II Timothy 2 Metaphysical Bible Interpretation
Metaphysical Bible Interpretation of II Timothy Chapter 2
Metaphysically Interpreting II Timothy 2:1-13
2:1Thou therefore, my child, be strengthened in the grace that is in Christ Jesus. 2:2And the things which thou hast heard from me among many witnesses, the same commit thou to faithful men, who shall be able to teach others also. 2:3Suffer hardship with me, as a good soldier of Christ Jesus. 2:4No soldier on service entangleth himself in the affairs of this life; that he may please him who enrolled him as a soldier. 2:5And if also a man contend in the games, he is not crowded, except he have contended lawfully. 2:6The husbandmen that laboreth must be the first to partake of the fruits. 2:7Consider what I say; for the Lord shall give thee understanding in all things.
2:8Remember Jesus Christ, risen from the dead, of the seed of David, according to my gospel: 2:9wherein I suffer hardship unto bonds, as a malefactor; but the word of God is not bound. 2:10Therefore I endure all things for the elect's sake, that they also may obtain the salvation which is in Christ Jesus with eternal glory. 2:11Faithful is the saying:
June 18, 1944: II Timothy 2:1-4
Who is a good soldier of Christ Jesus? Whoever sees active service in the cause of Truth and who is obedient always to its Principles.
What does the soldier of Christ Jesus surrender? He surrenders the personal consciousness with its standard of personal rights and independence of all standards but that of the self, and submits to the dominion of universal consciousness instead.
In what spirit does the soldier of Truth meet hardship? In the constructive, impersonal Spirit, without complaint, bitterness, or defiance, but in the consciousness of work to be done without fail. He gives himself to total service.
What determines the effect of hardship on a person? His attitude toward it is the all-determining factor. If he meets it in the spirit of the Christ, hardship gives him greater strength and makes victory possible to him.
June 18, 1944: II Timothy 2:8-12
What is the consummate example of hardship met and endured in the right spirit? Jesus Christ's submission to crucifixion, from which was wrested the victory of the Resurrection.
What hope does this example afford us? The hope of a resurrection life for us also on condition that we crucify the personal self completely.
Can “the word of God” ever be entirety bound? It can be under a ban to the extent that men are forbidden to speak it aloud, but it cannot be bound in the mind and heart of the individual. He may speak it within himself at any time or in any place, thus healing his consciousness from the effects of adverse environment or circumstances.
March 16, 1952: II Timothy 2:1-5
Is grace a sign of strength or of weakness? It is a sign of strength. “The grace that is in Christ Jesus” gives strength of character. This was what Timothy was told to develop.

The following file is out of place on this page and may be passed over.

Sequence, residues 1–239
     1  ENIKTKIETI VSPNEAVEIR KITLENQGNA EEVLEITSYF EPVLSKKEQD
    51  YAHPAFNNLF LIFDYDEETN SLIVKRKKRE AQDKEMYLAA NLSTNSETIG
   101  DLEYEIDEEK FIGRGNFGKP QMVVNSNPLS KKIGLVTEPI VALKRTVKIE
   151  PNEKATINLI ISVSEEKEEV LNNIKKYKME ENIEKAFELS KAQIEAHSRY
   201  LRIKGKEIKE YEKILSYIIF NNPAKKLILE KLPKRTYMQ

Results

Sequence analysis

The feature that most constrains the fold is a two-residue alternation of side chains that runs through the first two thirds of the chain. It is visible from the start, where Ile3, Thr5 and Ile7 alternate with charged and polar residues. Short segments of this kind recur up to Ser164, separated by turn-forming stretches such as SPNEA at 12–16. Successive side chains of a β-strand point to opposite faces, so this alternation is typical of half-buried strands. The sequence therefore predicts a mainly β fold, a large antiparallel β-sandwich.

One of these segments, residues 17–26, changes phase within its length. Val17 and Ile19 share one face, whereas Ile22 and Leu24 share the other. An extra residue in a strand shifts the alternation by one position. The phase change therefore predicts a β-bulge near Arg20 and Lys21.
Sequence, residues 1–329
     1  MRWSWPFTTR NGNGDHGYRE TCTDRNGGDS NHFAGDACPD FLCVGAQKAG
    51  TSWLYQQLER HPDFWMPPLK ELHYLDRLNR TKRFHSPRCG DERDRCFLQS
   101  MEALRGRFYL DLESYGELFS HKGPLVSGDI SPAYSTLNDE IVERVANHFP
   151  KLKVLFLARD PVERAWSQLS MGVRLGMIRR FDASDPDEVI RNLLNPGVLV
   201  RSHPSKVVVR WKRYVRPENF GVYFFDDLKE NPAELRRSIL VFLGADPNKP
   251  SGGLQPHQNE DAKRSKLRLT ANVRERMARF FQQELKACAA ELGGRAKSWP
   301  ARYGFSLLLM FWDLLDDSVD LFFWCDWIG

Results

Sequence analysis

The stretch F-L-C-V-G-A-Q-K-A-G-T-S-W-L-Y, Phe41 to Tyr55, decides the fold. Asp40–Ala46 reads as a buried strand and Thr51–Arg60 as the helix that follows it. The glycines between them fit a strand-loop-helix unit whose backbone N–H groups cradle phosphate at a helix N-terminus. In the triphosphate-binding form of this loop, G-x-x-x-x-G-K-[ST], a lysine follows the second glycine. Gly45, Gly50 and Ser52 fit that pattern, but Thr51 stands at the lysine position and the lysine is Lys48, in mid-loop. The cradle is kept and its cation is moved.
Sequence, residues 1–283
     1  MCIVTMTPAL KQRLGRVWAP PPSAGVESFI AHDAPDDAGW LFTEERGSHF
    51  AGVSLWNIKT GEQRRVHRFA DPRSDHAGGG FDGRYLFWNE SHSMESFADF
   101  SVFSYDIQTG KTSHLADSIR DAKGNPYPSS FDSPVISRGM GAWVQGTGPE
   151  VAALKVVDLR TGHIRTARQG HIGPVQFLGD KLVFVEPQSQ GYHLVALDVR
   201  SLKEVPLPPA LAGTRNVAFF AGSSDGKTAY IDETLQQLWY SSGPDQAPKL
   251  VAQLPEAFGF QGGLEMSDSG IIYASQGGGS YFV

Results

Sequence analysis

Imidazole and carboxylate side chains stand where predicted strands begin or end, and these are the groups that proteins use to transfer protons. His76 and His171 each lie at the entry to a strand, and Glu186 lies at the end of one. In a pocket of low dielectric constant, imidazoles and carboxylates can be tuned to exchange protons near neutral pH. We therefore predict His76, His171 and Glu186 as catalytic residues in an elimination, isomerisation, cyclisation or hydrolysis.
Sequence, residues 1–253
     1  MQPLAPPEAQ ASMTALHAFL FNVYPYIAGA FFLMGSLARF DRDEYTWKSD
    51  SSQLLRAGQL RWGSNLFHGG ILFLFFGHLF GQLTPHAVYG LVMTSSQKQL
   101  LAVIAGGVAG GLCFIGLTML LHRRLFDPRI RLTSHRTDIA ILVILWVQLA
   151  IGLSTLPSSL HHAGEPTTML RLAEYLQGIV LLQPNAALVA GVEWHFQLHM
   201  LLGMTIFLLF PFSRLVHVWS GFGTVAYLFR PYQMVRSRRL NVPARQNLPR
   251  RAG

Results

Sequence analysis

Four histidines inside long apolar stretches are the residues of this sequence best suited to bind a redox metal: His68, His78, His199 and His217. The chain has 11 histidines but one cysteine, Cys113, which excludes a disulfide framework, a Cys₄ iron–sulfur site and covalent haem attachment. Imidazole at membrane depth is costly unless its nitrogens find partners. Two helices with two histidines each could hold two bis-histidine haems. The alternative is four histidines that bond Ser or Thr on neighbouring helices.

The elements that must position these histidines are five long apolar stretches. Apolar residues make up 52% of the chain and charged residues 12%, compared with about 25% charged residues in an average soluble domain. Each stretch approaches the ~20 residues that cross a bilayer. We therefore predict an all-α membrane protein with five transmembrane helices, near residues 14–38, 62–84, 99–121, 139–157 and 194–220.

Is it desirable to plan for the future in matters of faith? It is not only desirable, it is imperative if faith is to be kept alive and given scope for growth in the heart of mankind.
In what respect is everyone who believes in the Christ a soldier? In the degree in which he is loyal to the Christ and gives himself to the expression of Truth, he is a soldier holding himself always ready to give full expression to Truth regardless of the consequences to himself. He owes and gives total allegiance to the ideal.
Can we regulate the effect of hardships on ourselves? We regulate it by our attitude toward hardship. We unfit ourselves for meeting hardship by complaints, self-pity, resentment, rash conduct, or reckless defiance. We fortify ourselves with inner strength by holding ourselves in the Spirit of the Christ.
Metaphysically Interpreting II Timothy 2:14-26
2:14Of these things put them in remembrance, charging them in the sight of the Lord, that they strive not about words, to no profit, to the subverting of them that hear. 2:15Give diligence to present thyself approved unto God, a workman that needeth not to be ashamed, handling aright the word of truth. 2:16But shun profane babblings: for they will proceed further in ungodliness, 2:17and their word will eat as doth a gangrene: or whom is Hymenaeus an Philetus; 2:18men who concerning the truth have erred, saying that the resurrection is past already, and overthrow the faith of some. 2:19Howbeit the firm foundation of God standeth, having this seal, The Lord knoweth them that are his: and, Let every one that nameth the name of the Lord depart from unrighteousness.
2:20Now in a great house there are not only vessels of gold and of silver, but also of wood and of earth; and some unto honor, and some unto dishonor. 2:21If a man therefore purge himself from these, he shall be a vessel unto honor, sanctified, meet for the master's use, prepared unto every good work. 2:22after righteousness, faith, love, pace, with them that call on the Lord out of a pure heart. 2:23But foolish and ignorant questionings refuse, knowing that they gender strifes. 2:24And the Lord's servant must not strive, but be gentle towards all, apt to teach, forbearing, 2:25in meekness correcting them that oppose themselves; if peradventure God may give them repentance unto the knowledge of the truth, 2:26and they may recover themselves out of the snare of the devil, having been taken captive by him unto his will.
October 29, 1950: II Timothy 2:15
Can the right handling of the word of Truth be learned? Yes. The right handling is a study in itself. “Give diligence to present thyself approved unto God, a workman that needeth not to be ashamed.” Like any other subject, this one can be mastered by diligent study and consecration of heart and mind to its observance.
Transcribed by Lloyd Kinder on 01-11-2014